Eastwood’s name was now known by the public, but it was his depiction of the rebellious cop, Harry Callahan in Dirty Harry, that added that extra notch to Wood’s legacy of genre defining characters.

Set in a San Francisco city-scape, Dirty Harry shows Eastwood’s Callahan as an unorthodox police inspector who ventures out past the typical cop standards that the world was used to, being a trailblazer to the rebellious cop trope that films are still seen using today.

The success of Dirty Harry and its violent nature lead to the production and release of four sequels, titled Magnum Force, The Enforcer, Sudden Impact and The Dead Pool, all of which added to a 244 million box office gross by the end of the 1980’s.

Now noted for his works as a wandering rancher and an unconventional police officer, the latter half of Eastwood’s career is a time of recognition, both by critical and public perceptions, resulting in a handful of accolades awarded to Wood.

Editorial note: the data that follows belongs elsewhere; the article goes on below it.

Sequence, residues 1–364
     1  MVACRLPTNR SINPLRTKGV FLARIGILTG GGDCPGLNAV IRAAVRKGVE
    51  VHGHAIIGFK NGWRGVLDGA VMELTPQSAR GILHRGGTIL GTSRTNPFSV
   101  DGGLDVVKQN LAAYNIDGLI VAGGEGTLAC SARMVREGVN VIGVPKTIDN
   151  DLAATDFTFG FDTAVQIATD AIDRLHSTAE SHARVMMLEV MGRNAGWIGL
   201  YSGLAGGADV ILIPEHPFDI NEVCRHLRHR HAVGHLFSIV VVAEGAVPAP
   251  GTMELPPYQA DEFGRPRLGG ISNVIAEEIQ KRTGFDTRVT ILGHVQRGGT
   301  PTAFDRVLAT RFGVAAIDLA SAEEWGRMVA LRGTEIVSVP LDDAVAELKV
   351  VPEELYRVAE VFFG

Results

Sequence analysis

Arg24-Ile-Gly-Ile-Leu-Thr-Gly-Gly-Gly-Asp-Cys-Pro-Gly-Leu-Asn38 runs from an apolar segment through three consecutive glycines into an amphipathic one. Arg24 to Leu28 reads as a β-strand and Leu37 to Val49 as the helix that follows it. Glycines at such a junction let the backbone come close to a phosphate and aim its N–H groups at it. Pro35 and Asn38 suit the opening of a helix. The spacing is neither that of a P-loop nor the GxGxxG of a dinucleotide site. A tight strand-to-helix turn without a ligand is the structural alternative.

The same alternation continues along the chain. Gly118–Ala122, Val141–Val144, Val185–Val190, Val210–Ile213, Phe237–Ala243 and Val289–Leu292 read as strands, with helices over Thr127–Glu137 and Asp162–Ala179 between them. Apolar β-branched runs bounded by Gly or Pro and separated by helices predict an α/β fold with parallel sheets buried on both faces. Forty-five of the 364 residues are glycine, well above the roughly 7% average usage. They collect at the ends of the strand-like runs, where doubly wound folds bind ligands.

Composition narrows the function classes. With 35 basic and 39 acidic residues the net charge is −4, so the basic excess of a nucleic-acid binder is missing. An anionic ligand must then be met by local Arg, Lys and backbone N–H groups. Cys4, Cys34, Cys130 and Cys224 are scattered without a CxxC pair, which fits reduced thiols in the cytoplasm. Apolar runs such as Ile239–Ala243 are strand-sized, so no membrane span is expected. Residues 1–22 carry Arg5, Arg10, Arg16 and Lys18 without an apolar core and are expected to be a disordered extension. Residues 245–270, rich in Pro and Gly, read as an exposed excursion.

Coming off of The Dead Pool in 1988, Eastwood’s style as both director and actor was applauded in his 1992 release, Unforgiven, a Western drama that won the best director and best picture Oscars for the year.

Hitting close to home for Eastwood’s talents, Unforgiven held a gallery of acting talent that told the story of bandits, the law and the conflict between the two, with the 62-year-old Eastwood picking up two Oscars in its wake.

Signs of decline from the actor seemed obsolete as Wood continued to release new material through the rest of the century. Material ranged from a love story in The Bridges of Madison to the interstellar adventure, Space Cowboys, a release that came at the turn of the millennia.

Starting the 21st century off at 71 would typically seem to insight the closing years of one’s career in the movie industry, but Eastwood not only continues to work, but has experienced even more success in his later years.

Three years off of his space expedition in Space Cowboys, Eastwood told a more grounded film that was set not in a spaceship, but instead in a boxing ring. The 2004 Eastwood film, Million Dollar Baby, sees Hillary Swank play a boxer, while Eastwood plays her veteran coach, with the two forming an irreversible bond throughout the film. Million Dollar Baby sought to give Eastwood his second win for both directing and best picture, the two awards he had won in 1992’s Unforgiven.